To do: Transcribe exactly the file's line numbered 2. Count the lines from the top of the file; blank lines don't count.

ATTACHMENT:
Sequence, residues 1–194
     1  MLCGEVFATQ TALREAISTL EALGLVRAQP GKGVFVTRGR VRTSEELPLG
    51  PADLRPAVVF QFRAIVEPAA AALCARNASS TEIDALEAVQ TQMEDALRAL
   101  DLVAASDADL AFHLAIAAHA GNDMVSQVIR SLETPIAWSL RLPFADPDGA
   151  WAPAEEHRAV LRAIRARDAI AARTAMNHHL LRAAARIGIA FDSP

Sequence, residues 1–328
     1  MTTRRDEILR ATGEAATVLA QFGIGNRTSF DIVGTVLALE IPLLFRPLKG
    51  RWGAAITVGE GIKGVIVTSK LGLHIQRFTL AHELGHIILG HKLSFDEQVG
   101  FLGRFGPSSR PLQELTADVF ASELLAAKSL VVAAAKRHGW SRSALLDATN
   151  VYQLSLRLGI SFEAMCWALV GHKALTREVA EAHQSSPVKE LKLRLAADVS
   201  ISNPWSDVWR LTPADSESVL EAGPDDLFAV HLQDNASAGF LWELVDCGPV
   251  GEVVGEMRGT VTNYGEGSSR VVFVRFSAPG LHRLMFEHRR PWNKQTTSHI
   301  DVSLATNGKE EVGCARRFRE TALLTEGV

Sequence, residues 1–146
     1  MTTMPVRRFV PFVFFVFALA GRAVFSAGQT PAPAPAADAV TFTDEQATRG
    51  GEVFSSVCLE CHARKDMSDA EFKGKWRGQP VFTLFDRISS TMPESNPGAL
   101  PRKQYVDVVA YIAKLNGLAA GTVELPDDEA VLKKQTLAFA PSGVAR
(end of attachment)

     1  MLCGEVFATQ TALREAISTL EALGLVRAQP GKGVFVTRGR VRTSEELPLG